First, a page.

Website: http://www.techna-fit.com/nissan.html

I hope that help.

Dammit! I just bought Goodridge SS lines just before the group buy for the SMC brakes lines was made. And it seem people have problem after 1 year or 2 later(Goodridge). I don't install them yet thats a scared that they will eventually brokes! :(
 

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Discussion Starter #13
thanks for the link. i have a couple of options open. one of them is to go to a hydrolic machine shop that woul make lines for trucks and stuff and have them make one in house, shouldnt take to long either.
 

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Discussion Starter #15
if your going to take the altima to the track, and/ or are going to be running it where you are going to be using a lot of braking, yes. besides, if you get a good pair, they should last longer then stock.... :)
 

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NXtremese-r said:
if your going to take the altima to the track, and/ or are going to be running it where you are going to be using a lot of braking, yes.
????

SS Brake Lines help reduce the mushy feel of brakes while increasing the response time from pedal to pads regardless of whether you are at a track or doing daily driving. However, if you plan to hit the tracks (road course), the more important items are the rotors, calipurs, pads, and brake fluid. Brake lines will not do anything to reduce brake fade.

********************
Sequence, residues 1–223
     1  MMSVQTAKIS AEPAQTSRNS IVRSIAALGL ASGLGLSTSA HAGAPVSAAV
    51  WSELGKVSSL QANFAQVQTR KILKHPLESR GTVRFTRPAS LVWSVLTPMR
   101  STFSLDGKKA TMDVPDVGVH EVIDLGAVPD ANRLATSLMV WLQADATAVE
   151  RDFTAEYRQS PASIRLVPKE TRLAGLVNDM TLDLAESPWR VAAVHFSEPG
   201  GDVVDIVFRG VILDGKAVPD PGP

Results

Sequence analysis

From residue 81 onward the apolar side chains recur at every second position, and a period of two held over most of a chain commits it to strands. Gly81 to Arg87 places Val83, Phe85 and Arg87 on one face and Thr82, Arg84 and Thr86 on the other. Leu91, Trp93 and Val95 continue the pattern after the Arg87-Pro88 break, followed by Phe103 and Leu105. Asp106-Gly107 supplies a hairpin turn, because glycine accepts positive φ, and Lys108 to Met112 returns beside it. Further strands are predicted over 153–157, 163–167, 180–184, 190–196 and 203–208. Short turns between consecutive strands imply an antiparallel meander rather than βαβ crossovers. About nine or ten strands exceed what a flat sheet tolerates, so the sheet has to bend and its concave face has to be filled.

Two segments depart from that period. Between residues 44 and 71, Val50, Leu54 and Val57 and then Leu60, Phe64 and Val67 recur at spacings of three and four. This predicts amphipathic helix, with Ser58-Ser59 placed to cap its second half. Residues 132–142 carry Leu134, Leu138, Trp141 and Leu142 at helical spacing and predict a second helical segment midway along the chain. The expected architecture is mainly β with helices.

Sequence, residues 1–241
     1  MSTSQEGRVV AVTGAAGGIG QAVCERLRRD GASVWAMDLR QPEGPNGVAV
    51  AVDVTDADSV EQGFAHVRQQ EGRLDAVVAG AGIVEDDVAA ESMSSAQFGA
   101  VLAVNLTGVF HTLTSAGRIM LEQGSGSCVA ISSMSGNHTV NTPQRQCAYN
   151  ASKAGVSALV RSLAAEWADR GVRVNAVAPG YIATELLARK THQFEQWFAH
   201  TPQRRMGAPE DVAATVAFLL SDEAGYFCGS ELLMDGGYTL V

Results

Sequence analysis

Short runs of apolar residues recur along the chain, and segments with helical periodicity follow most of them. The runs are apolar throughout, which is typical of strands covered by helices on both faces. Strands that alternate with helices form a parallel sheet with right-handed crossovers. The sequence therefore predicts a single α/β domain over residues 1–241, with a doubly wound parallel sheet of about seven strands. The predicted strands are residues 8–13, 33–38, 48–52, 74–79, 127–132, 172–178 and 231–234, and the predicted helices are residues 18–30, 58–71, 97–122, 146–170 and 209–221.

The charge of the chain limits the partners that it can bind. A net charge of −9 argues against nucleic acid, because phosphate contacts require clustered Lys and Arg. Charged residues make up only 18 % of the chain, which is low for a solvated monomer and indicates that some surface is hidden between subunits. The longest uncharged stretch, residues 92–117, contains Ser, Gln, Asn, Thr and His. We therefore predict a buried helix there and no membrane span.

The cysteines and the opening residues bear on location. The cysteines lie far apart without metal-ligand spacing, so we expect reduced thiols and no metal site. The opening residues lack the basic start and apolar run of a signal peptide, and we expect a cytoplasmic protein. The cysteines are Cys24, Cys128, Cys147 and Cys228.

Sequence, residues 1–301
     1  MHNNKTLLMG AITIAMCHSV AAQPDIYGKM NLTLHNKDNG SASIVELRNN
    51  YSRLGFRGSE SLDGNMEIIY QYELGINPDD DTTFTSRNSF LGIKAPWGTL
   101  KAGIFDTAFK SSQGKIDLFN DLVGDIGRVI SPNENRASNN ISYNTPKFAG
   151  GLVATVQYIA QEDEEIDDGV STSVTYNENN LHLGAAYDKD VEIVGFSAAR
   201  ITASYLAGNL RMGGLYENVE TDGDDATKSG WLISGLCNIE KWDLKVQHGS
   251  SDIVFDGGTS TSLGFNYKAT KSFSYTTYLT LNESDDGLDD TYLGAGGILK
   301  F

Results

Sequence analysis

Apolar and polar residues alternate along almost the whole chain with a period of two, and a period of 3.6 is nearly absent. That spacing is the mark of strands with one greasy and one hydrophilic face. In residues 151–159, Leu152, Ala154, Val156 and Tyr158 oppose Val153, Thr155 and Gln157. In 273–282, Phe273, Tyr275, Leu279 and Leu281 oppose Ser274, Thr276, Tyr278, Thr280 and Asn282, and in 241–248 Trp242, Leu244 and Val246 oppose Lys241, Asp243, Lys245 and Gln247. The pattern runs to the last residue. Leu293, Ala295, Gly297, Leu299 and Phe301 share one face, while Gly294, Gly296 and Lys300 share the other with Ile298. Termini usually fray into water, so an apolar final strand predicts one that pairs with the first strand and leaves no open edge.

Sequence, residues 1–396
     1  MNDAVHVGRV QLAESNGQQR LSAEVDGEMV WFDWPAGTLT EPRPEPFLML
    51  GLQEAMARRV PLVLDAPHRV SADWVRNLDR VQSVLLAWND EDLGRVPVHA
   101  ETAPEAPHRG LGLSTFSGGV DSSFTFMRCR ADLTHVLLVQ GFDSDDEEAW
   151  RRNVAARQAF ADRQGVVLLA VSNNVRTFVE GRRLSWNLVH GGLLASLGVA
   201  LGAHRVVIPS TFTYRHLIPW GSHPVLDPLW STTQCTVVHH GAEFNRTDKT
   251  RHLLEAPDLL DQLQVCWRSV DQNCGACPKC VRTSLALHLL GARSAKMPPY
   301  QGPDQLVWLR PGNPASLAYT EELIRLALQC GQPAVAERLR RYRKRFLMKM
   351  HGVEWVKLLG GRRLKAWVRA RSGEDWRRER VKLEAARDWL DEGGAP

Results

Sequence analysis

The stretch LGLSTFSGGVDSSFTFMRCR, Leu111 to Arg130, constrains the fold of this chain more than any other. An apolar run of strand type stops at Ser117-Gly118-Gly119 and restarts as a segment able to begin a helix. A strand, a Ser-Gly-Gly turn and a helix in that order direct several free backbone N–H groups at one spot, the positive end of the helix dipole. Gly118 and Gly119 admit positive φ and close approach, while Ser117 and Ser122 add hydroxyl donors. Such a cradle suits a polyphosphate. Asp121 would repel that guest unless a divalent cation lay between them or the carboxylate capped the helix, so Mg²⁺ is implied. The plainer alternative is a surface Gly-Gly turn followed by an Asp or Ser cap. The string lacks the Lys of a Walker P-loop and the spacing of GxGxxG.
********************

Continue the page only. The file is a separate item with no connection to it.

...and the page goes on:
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Hawaii_SE-R said:
SS Brake Lines help reduce the mushy feel of brakes while increasing the response time from pedal to pads regardless of whether you are at a track or doing daily driving.
But is it worth to install SS lines for street driving? Can you feel difference? Do the rubber lines flex that much?

However, if you plan to hit the tracks (road course), the more important items are the rotors, calipurs, pads, and brake fluid.
True! Brake pads and break oil should be the first thing to change.

Brake lines will not do anything to reduce brake fade.
I understand and agree that they don't do nothing for brake fading. But, into racing condition, the rubber lines expand more than street driving because they substain a lot more of heat. To compensate, you must push the brake pedal a little more further. So from the driver perspective is it like brake fading?
 

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You may feel the difference in the sense of greater brake pedal response. New rubber brake lines shouldn't flex very much. As they age they begin to lose their strength. Brake fade is a direct result of the brake fluid losing it's hydraulic properties due to excessive heat, not because the lines expanded. Excessive heat can be reduced by getting larger rotors in conjuction with calipurs than have larger pads for a wider brake surface area.

From a driver's persepective, weakened rubber brake lines would just feel mushy on daily driving.